Since I am not very familiar with US-Venezuelan history, I opted to utilize one of those "research" tools available to me (and to anyone else with a browser and internet connection).  When I entered this question into the Google search engine window, the first link displayed was for a Wikipedia page that listed all international travel taken by US presidents.  I clicked on it and then typed in "Venezuela" in the browser's "find" window but only got one hit (a photo caption along the side of the page referencing President Kennedy's visit to Caracas in 1961).  I knew that number couldn't be right so I scrolled down the entire page.  It was only then that I noticed that while all of President Obama's overseas trips were listed, the tables of trips taken by our former presidents that were not fully expanded.  Once I did that for all of the 20th and 21st century presidents, I was able to determine that four (Bill Clinton in 1997, George H.W. Bush in 1991, Jimmy Carter in 1978 and Kennedy) was the correct answer.  With the requisite Twitter codes already entered in the text box, I typed in "four" and hit the "Tweet" button to sent it on its way:


Because of all of those additional time-consuming steps, I wasn't feeling too optimistic about my chances for winning.  Like I do every day when I send in a response, I pushed the "record" button the the DVR and went in to the kitchen to have my breakfast and wait about 25-30 minutes for the results.  My wife was already seated when I turned on the television at the end of the table to continue watching the program while I ate.  When I heard the music that precedes their "mid-gaggle" commercial break, I could feel my adrenaline levels rising in anticipation of Todd's announcement.  To my utter amazement, he said that I had won:

video

When the initial shock wore off, I went back to the living room to review what I had just seen (that's the reason why I recorded it).  Not trying to sound too hypercritical, I was rather disappointed in how that segment was conducted.  While Todd spent the proper amount of time thoroughly answering the question, my "shout out" seemed hamhanded by both the host and the show's graphics department.  His slurring of my Twitter handle (he called me "Journo or Bust") and the lack of an on-screen congratulatory graphic took a lot of the luster away from what was technically my national "debut". I sent this "tweet" to both Todd and the show shortly it ended to let them know about the oversight:

 
To compare my announcement to what is normally done for the winners, here is a clip of how it was done the next day:

video

Again, Todd thoroughly answered the question, but then when it comes time to announce the winner, a congratulatory graphic with that person's handle appeared on the screen for all his viewers to see:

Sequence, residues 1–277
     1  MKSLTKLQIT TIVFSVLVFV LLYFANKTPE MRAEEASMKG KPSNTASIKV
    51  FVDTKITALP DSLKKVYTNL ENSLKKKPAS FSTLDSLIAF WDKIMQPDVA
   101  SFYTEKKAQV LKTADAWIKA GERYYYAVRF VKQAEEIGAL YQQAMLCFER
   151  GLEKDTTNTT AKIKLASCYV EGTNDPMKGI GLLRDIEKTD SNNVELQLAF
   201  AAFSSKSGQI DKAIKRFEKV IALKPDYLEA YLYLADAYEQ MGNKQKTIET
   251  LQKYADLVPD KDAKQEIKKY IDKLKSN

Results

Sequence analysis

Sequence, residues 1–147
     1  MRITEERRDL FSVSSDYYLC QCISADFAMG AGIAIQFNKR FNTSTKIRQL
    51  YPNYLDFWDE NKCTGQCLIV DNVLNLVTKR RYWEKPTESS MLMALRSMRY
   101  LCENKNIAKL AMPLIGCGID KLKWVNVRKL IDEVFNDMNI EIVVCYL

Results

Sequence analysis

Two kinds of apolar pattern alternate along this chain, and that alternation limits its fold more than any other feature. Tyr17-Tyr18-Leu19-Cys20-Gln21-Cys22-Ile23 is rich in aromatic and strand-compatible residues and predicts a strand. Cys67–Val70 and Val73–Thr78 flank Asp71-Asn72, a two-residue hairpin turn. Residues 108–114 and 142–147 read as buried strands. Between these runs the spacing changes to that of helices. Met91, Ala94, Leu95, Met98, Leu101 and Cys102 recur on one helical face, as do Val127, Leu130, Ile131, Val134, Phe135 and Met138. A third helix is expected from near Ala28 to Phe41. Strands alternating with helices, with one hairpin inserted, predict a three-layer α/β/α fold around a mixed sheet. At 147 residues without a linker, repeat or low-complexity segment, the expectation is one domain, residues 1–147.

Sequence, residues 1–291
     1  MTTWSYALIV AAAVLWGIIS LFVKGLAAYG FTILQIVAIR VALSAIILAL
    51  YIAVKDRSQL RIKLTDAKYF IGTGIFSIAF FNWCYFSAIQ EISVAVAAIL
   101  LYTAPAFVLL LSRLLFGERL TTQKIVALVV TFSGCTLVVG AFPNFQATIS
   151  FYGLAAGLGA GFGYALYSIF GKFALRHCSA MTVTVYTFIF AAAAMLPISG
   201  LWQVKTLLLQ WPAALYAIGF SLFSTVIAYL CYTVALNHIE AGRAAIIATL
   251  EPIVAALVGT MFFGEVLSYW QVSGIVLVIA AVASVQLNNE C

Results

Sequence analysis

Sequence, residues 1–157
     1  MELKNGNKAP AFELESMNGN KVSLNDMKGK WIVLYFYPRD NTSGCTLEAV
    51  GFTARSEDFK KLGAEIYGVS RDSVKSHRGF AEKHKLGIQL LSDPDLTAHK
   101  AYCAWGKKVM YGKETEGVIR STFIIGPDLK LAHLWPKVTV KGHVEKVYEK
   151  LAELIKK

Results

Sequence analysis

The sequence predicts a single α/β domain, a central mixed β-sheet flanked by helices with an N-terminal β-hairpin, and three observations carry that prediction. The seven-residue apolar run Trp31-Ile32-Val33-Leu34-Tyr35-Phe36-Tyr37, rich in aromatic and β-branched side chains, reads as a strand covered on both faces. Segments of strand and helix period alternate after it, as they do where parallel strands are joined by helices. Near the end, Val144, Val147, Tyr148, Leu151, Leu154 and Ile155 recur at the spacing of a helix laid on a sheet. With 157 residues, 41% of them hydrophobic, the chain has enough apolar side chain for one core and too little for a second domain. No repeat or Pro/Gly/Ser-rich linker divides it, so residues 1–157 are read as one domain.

While my screen name was audibly mangled, it appeared that someone actually did some research to find out that "dgibber123" was actually Daniella Gibbs Léger, a former Obama White House special assistant and director of message events who currently serves as senior vice president for American values and new communities at the Center for American Progress, a progressive public policy research and advocacy organization.  Ms. Léger is a frequent guest on Todd's show and other cable news programming (coincidentally, she appeared on MSNBC's Jansing & Company the following hour):


As Todd said, everyone is eligible to submit their answers for the Daily Trivia contest and I have no sour grapes about her win or how she was presented.  I can rationalize that Todd and/or one of his producers already knew the owner of that handle (he and Léger follow each other on Twitter).  However, other folks with "cryptic" handles have been properly identified to their real name or to their nom de clavier ("keyboard name").  Finding them is as simple as clicking on their handle in the "tweet" to bring up their profile summary.  For example, here is the winner of the February 18th contest (with his on-screen congratulatory graphic prominently displayed):


Instead of tripping over his unique handle, Todd used his real name (Michael Diamond) during his announcement and the only way he would've known what it was is that if he or a member of his staff went to the provided profile information.  Since MSNBC cuts off their online clips at the point when those announcements are made, I cannot link to that specific one to prove my point but I clearly remember it happening that way.

Here is a screen capture of my own Twitter profile summary:

 
If he would've called me "Journ Or Bust", "Journalism or Bust" or even "JoB" (the formal name or sounded out phonetically, i.e., "Jay Oh Bee"), it would've been more preferable to what was actually uttered on Wednesday morning.